Repairing Hair with Natural Actives

Jan 1, 2012 | Contact Author | By: Jean-Christophe Choulot, PhD ALES Group
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Title: Repairing Hair with Natural Actives
hair structurex natural activex electron microscopyx hair degradationx
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Keywords: hair structure | natural active | electron microscopy | hair degradation

Abstract: The present article reviews the structure of hair and various types of hair damage, demonstrating that repair treatments must intervene at several levels within hair. While film-forming agents are often used, they slow or prevent the penetration of actives. A hair serum including natural actives and omitting these film-formers was thus formulated and tested for its repair capabilities.

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  • Striking K-pop hair styling and makeup trends are storming Indonesia's youth.
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The number of consumers with damaged hair continues to rise due to external factors; for example, mechanical damage from brushing, hair-straightening irons, etc.; chemical treatments such as hair dyeing and bleaching; and environmental damage from the sun, pollution, etc. Once hair is damaged, repair treatments must intervene on several levels to repair it—from the middle of the cortex to the cuticle. However, film-forming agents such as silicones, which are commonly used, cover the hair with a fine waterproof layer, slowing or even preventing the penetration of actives to repair hair. The present article therefore explores the development of a repair serum based on natural actives and omitting such film-formers.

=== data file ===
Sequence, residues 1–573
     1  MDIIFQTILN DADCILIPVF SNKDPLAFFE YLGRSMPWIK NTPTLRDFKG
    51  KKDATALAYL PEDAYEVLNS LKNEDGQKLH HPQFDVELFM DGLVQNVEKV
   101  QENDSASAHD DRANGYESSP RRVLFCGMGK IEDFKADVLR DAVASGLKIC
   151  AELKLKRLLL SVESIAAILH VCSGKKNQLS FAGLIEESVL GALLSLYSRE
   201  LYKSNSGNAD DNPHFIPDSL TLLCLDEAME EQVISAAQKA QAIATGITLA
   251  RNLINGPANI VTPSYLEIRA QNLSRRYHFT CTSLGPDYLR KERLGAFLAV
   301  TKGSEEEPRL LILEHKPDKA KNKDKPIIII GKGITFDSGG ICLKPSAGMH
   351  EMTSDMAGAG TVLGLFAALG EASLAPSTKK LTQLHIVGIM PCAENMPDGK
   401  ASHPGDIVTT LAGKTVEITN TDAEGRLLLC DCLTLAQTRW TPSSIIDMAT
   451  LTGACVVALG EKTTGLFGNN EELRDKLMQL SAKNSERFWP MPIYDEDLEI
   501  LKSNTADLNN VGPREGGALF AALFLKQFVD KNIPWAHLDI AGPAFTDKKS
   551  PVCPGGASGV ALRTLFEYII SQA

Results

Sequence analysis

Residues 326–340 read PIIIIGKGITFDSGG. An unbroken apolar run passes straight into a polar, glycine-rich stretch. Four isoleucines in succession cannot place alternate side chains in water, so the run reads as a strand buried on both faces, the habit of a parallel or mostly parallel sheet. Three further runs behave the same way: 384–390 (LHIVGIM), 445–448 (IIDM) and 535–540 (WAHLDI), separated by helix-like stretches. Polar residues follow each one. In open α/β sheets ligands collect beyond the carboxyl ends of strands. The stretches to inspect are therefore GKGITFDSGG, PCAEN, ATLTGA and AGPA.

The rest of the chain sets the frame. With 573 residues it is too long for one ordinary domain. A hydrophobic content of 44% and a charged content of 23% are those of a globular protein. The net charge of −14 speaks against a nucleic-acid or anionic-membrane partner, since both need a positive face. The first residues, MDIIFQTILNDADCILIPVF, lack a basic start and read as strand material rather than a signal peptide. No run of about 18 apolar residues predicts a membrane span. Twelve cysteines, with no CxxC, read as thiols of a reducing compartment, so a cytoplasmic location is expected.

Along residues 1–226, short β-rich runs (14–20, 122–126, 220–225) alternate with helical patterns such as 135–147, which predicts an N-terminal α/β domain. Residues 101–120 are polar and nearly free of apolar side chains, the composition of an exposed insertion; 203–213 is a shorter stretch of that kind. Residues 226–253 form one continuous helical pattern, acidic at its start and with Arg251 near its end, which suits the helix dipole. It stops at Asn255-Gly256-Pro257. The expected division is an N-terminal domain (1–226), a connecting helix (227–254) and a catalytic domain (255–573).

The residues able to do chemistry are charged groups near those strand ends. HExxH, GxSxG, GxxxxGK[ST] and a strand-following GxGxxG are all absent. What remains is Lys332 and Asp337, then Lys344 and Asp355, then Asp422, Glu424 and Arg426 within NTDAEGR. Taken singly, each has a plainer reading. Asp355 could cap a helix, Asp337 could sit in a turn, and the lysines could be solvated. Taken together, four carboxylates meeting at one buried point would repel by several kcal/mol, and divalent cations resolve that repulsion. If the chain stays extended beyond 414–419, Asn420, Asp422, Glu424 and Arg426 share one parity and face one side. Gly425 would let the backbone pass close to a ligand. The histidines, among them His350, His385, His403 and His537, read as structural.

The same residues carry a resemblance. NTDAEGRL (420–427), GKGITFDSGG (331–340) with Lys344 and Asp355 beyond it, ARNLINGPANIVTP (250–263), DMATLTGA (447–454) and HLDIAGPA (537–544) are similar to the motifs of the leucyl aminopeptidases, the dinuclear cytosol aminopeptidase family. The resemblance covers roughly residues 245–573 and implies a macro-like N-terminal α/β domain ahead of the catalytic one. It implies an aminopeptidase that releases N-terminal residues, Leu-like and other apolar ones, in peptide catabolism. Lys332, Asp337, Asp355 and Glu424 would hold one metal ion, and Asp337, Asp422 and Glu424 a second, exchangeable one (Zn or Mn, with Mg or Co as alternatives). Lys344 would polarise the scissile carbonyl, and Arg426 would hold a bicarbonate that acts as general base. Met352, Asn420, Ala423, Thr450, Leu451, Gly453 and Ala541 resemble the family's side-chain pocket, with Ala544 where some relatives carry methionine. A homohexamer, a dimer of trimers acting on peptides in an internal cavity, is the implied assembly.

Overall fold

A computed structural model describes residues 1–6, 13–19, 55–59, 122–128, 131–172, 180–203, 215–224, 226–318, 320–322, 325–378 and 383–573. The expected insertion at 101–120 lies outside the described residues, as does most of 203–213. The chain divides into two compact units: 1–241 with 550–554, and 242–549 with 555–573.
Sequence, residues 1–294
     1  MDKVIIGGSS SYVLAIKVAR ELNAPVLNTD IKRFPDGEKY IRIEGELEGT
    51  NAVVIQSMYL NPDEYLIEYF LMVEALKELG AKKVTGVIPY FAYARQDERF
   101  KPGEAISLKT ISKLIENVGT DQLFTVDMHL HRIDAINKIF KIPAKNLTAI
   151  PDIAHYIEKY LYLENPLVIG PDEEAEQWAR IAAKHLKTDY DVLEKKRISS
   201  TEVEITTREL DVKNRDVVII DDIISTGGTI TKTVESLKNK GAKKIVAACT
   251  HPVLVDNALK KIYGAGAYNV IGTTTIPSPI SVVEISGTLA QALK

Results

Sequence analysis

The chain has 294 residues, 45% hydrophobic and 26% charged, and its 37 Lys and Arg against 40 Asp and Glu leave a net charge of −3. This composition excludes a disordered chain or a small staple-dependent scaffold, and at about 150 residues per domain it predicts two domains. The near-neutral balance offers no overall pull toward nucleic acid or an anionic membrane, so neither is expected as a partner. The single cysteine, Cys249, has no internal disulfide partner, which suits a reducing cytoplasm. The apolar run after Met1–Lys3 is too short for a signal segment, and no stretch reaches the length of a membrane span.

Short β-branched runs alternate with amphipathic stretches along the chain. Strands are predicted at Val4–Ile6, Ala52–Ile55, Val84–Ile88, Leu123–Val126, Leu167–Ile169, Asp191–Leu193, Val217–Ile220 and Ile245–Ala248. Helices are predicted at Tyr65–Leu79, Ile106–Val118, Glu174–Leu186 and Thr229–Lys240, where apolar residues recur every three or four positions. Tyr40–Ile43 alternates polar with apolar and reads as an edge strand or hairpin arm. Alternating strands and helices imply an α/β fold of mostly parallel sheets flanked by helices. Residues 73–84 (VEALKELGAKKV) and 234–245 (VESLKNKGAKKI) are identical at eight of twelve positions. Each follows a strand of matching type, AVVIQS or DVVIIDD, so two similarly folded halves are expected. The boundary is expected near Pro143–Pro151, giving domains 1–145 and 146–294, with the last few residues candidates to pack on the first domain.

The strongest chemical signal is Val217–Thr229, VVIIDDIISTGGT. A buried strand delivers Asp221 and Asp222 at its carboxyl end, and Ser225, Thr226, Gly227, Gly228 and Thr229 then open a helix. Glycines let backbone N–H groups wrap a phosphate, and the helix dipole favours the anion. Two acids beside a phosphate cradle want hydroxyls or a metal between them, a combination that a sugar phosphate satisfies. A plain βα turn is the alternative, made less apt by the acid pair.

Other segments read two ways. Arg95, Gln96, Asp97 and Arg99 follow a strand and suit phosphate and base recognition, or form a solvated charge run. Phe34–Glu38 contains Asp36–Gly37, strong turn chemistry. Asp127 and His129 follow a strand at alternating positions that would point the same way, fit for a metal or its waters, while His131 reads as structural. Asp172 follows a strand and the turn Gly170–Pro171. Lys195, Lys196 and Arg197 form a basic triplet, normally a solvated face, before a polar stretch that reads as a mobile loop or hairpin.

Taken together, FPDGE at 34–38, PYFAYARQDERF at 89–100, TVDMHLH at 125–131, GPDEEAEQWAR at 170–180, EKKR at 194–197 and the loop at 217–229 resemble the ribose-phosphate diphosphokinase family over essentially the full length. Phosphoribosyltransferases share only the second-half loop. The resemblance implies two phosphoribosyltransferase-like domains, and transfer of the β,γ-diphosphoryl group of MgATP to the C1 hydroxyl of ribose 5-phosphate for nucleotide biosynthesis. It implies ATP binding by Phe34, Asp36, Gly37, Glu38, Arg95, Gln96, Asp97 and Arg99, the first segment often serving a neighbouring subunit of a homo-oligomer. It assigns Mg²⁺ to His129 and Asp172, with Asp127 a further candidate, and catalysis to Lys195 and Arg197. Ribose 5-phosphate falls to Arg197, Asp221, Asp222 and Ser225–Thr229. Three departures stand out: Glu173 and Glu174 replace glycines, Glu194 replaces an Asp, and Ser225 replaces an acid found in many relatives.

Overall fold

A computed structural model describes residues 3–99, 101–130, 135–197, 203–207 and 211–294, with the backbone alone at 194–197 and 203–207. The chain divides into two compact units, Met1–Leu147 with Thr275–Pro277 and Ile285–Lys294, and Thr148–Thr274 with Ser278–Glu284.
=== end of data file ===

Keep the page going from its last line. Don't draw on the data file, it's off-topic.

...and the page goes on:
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This content is adapted from an article in GCI Magazine. The original version can be found here.

 

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Figure 1. Schematic of the structure of hair

Figure 1. Schematic of the structure of hair

Figure 2. Hair No. 1, a) untreated and b) treated

Figure 2. Hair No. 1, a) untreated and b) treated

Figure 3. Hair No. 2, a) untreated and b) treated

Figure 3. Hair No. 2, a) untreated and b) treated

Figure 4. Hair No. 3, a) untreated and b) treated

Figure 4. Hair No. 3, a) untreated and b) treated

Figure 5. Hair No. 4, a) untreated and b) treated

Figure 5. Hair No. 4, a) untreated and b) treated

Figure 6. Hair No. 5, a) untreated and b) treated

Figure 6. Hair No. 5, a) untreated and b) treated

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